New corporate partners programs are going campus-wide at University of California Los Angeles and University at Buffalo, SUNY. With a recent addition to their Office of Corporate, Foundation and Research Relations, UCLA has created a new position with responsibility for the identification, development and sales cycle of non-Athletics related corporate sponsorships across the campus.
Eron Jacobson, Director of Corporate Partnerships, develops corporate partners programs with academic and administrative units to make their sponsorable assets more marketable and available to corporate sponsors. Depending on the need, he may take a lead or support role to identify opportunities, package them, develop a pipeline of prospects, and when appropriate, pitch those prospects and close sponsorship deals. His focus ranges from UCLA’s professional schools to their Office of Student Programming and Development’s Welcome Week and Bruin Bash.
Recently, Jacobson provided assistance in the development of a major corporate sponsorship for the Fowler Museum at UCLA and their current exhibition “Steeped In History, The Art of Tea”. While the Museum’s development staff had secured foundation funding to support the exhibit, the group had no funds to market the program.
Only six months into his new position with UCLA, Jacobson secured a presenting sponsorship worth $30,000 in cash, $10,000 in in-kind support and additional support through in-store promotions delivered by the sponsor, Coffee Bean & Tea Leaf. Development staff indicated that the sponsorship allowed them to drive incremental traffic to the museum and to reach a whole new profile of guests and prospective donors. It also helped them to raise the level of programming for their donor parties and public programs.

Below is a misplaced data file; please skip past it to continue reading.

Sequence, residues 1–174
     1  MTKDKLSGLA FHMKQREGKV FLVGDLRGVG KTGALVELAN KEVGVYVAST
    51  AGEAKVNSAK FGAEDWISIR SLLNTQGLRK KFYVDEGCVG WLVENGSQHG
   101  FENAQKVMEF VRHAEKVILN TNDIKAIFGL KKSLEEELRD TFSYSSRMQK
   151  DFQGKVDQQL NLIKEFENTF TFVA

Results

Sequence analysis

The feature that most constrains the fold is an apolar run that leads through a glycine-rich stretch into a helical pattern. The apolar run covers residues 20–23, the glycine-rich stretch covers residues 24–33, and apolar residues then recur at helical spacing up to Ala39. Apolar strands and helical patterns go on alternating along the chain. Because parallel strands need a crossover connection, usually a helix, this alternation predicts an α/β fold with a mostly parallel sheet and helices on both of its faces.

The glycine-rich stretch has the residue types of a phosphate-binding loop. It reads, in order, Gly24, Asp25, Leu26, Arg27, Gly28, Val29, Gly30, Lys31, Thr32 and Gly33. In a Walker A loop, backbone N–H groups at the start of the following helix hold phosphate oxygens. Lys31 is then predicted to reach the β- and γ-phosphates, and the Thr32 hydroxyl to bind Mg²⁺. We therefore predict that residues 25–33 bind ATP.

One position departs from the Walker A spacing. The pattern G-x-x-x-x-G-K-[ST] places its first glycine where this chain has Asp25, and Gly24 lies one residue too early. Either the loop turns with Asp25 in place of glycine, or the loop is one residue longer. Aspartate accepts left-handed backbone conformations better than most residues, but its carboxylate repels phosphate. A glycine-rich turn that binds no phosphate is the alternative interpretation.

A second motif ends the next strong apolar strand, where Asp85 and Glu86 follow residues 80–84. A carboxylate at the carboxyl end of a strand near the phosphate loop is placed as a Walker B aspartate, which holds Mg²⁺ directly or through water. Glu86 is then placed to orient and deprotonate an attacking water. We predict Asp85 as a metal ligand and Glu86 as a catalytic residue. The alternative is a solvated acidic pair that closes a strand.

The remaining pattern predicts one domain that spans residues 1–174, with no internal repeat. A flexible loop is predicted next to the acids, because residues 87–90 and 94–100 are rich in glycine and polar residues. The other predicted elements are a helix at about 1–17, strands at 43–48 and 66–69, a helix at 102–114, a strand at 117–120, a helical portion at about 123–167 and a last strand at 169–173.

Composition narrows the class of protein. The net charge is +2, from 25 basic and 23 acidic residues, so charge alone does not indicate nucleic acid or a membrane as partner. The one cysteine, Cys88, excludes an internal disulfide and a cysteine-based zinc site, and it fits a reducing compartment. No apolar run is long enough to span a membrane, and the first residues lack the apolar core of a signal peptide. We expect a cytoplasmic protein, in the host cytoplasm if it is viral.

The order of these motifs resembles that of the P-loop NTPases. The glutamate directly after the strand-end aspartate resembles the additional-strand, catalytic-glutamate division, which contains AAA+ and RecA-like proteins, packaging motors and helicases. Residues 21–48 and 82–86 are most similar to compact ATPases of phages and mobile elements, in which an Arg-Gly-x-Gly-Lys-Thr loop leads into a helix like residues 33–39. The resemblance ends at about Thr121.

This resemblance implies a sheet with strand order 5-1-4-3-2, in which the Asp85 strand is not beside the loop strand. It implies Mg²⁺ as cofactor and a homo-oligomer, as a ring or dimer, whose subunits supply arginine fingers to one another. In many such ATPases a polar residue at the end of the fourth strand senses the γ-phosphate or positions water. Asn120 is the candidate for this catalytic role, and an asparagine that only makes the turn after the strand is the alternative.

Jacobson’s work was also key in securing sponsorships and implementing promotions for Welcome Week and Bruin Bash which had major event components that included an A-list concert lineup. Among other endeavors, he is currently focused on marketing corporate sponsorships for education programs and medicine.
New to the world of academia, Jacobson was recently quoted in an article in the newsletter of the Network of Academic Corporate Relations Officers. “It’s exciting to see the level of opportunity across this campus,” said Jacobson. “There are a tremendous number of programs that will fit into a traditional sponsorship model here at UCLA. We are able to provide advertisers with a solution that reaches a highly desirable and elusive demographic while associating their brand, product or service with an event that aligns itself with their core marketing strategy.”
University at Buffalo, State University of New York, took their Athletics program as a model to create a campus-wide sponsorship marketing position in their foundation office that is responsible for clearing corporate inquiries and assisting non-Athletics units with developing their corporate partners programs.
Elizabeth Siderakis, Director of Corporate Sponsorship Programs, works closely with UB-SUNY units across campus to help them understand the difference between sales and marketing and philanthropy, bring prospects to the table, package assets, negotiate and close deals, guide campus units through the sponsorship process, and renew sponsorships.
This is a recently new approach–corporate relations “with a marketing twist”. Here the sponsorable assets of a university, found in its academic and administrative programs and events, are leveraged to help corporate sponsors achieve their sales and marketing goals. On the opposite end of the continuum from philanthropy, corporate sponsorship allows corporations to exploit these assets in exchange for cash and in-kind investment. These arrangements give the added benefits to universities of stronger corporate relations, added promotional value and enhanced donor relations opportunities.
At the University of Arizona this year as Marketing Coordinator in the Office of External Relations, I had discussions with the University administration about these developments and presented the results of a research project I conducted on the University’s current landscape of corporate partners programs and corporate sponsorships, and the possibilities for a campus-wide business system. In this era of state budget cutbacks, the UA administration is looking for ways to backfill the funding hole that’s been created, but that in itself is the topic for a future blog.
Learn more about these new developments in university corporate relations in the Breakaway Media white paper, Corporate Relations with a Marketing Twist. What do you think? Does this hold potential to help solve the funding crisis that higher education institutions are facing?